Laura is a professor of nursing in Sheffield Hallam's Faculty of Health and Wellbeing. She was named as one of the UK's most influential people of African and Caribbean heritage in the 2018 Powerlist. Professor Serrant qualified as a nurse in 1986 from the then Sheffield City Polytechnic (now Sheffield Hallam University) and was the first person in her family to go to university. Professor Serrant is also one of Sheffield Hallam's leading academics in nursing, with an exceptional career as a researcher, clinician and policy adviser. She has been recognised for her work on health disparities, and on supporting the needs of marginalised communities, which has directly informed policy development in the UK and internationally.

Prof. Sir Chris Husbands
Prof. Laura Serrant OBE
Prof. Sam Twiselton OBE

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Named as one of the most inspirational women in healthcare by the Health Services Journal, Professor Serrant is one of only six black professors of nursing in the UK. She is also chair of the Chief Nursing Officer for England's BME Strategic Advisory Group, a member of the Government's independent advisory group on black and minority ethnic issues and an ambassador for the Equality Challenge Unit for Higher Education.

“Receiving this OBE for my work on health policy is an honour," said Professor Serrant. "My contribution is one of many made by BME nurses to healthcare which has been made even more special in 2018 as we celebrate the NHS' 70th birthday and 70 years since Empire Windrush brought black people from the Caribbean to rebuild the country post-war. I would like to dedicate this award to my parents who travelled from Dominica to do the same. It is through their endeavours that I am here.”

Professor Sam Twiselton is one of the UK’s leading academics in teacher education and has directly influenced government policy around teacher training and development. She was a member of the advisory panel for the Department for Education (DfE) Carter Review of Initial Teacher Training in England, through which she visited providers, met with experts and analysed a wide range of evidence from across all routes.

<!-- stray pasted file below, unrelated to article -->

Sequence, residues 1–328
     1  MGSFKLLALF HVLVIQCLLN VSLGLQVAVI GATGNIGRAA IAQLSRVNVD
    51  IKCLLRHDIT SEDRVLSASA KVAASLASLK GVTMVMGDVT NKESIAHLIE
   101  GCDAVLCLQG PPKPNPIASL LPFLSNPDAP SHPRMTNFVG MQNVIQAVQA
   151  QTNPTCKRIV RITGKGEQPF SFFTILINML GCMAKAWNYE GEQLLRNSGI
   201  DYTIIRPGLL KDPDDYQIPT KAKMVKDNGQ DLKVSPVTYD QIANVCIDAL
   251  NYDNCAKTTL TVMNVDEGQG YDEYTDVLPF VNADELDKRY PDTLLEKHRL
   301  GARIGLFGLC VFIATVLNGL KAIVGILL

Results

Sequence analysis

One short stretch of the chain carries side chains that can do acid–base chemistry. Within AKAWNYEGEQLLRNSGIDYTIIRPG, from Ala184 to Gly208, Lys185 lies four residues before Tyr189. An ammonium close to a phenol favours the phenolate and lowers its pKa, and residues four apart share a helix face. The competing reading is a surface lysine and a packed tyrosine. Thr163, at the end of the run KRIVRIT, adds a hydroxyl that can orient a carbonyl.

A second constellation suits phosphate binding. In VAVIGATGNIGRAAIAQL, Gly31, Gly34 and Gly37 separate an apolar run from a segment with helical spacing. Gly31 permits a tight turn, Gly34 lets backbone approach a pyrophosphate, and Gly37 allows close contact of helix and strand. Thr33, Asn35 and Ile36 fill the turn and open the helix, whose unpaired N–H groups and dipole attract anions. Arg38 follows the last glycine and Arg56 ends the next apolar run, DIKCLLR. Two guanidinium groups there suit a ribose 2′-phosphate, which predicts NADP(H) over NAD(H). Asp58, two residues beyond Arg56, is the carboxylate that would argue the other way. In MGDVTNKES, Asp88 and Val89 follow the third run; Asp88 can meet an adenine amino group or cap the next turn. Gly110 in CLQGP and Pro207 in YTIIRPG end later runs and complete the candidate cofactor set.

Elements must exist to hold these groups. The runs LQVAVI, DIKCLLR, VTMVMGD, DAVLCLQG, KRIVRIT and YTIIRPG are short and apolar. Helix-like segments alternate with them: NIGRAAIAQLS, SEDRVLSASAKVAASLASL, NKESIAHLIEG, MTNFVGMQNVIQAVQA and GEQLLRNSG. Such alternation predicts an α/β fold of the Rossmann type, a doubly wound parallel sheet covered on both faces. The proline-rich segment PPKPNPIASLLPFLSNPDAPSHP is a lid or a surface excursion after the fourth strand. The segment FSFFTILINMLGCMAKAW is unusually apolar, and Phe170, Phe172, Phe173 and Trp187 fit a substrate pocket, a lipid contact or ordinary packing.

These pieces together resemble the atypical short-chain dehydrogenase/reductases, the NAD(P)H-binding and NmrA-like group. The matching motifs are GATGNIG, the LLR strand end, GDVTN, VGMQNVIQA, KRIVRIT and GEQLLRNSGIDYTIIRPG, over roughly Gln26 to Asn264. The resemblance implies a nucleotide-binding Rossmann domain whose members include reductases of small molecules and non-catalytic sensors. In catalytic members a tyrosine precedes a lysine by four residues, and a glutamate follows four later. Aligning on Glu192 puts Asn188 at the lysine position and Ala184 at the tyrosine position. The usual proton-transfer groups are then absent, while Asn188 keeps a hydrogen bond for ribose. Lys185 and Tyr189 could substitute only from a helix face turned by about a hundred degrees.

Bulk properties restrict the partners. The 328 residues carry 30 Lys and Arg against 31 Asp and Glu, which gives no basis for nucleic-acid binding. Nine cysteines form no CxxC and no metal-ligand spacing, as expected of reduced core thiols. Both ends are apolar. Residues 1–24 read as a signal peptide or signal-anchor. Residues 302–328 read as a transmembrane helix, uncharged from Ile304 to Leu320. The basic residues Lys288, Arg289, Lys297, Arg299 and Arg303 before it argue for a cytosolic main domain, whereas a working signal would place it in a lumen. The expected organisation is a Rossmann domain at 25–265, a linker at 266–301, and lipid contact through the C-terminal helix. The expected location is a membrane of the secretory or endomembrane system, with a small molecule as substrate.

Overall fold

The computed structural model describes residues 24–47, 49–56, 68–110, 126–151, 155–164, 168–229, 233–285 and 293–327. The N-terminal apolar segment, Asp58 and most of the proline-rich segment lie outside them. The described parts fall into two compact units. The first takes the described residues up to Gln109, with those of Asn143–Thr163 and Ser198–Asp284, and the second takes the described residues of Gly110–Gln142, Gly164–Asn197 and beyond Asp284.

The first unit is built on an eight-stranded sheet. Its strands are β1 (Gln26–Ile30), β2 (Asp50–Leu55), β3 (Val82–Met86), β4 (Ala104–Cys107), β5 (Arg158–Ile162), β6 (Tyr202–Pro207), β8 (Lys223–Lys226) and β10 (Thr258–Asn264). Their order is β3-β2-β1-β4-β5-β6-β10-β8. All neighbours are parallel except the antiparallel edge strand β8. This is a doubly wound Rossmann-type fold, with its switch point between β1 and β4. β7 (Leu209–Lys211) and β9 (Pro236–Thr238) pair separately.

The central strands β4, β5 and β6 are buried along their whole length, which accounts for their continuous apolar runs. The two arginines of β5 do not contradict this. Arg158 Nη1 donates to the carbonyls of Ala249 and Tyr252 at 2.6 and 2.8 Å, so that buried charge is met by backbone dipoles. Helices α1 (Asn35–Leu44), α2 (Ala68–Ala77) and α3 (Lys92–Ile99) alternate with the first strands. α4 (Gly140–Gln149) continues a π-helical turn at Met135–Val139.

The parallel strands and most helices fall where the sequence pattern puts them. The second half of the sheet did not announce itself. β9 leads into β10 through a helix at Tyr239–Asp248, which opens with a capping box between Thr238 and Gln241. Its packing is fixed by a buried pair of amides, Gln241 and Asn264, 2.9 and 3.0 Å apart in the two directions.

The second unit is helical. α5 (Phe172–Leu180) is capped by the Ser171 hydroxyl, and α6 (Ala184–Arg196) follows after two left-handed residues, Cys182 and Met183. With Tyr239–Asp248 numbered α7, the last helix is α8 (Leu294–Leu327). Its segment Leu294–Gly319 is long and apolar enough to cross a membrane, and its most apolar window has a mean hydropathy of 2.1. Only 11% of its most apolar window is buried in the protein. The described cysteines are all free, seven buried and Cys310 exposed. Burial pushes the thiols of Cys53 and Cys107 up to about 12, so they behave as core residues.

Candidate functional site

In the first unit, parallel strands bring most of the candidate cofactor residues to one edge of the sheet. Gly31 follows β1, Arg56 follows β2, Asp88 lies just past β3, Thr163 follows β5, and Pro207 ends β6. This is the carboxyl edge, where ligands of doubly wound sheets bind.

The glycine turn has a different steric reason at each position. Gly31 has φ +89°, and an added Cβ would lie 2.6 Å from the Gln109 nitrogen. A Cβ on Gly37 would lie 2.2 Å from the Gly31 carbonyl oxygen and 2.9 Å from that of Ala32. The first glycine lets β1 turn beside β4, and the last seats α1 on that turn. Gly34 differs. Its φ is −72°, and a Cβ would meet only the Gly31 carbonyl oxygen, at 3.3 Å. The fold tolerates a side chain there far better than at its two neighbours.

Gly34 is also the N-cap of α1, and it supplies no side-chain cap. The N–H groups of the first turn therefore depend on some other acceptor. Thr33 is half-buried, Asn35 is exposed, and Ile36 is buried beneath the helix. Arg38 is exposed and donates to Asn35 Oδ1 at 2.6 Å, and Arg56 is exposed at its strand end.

Professor Twiselton founded and established the University's Sheffield Institute of Education as a leading national centre of education research and practice and it is now one of the UK's top five providers of teachers with over 700 new teachers entering the classroom each year.

With 40% of the Institute's students drawn from low-income backgrounds, Professor Twiselton is passionate about tackling inequality and her Partnerships for Attainment initiative, set up in response to low educational attainment in the Sheffield City Region, directly supports the recruitment, development and retention of a high-quality teacher workforce. She also helped establish the University's South Yorkshire Futures initiative, a collaborative programme designed to improve educational attainment and aspiration for the region's young people.  

Professor Twiselton said: "I am equally delighted and proud on behalf of Sheffield Hallam to receive this award. It is the support I have been given by University that made it possible and I am very grateful. My only regret is that my mum who died in August did not live to brag about it to anyone who would listen."

For press information: Sarah Duce in the Sheffield Hallam University press office on 0114 225 4025 or email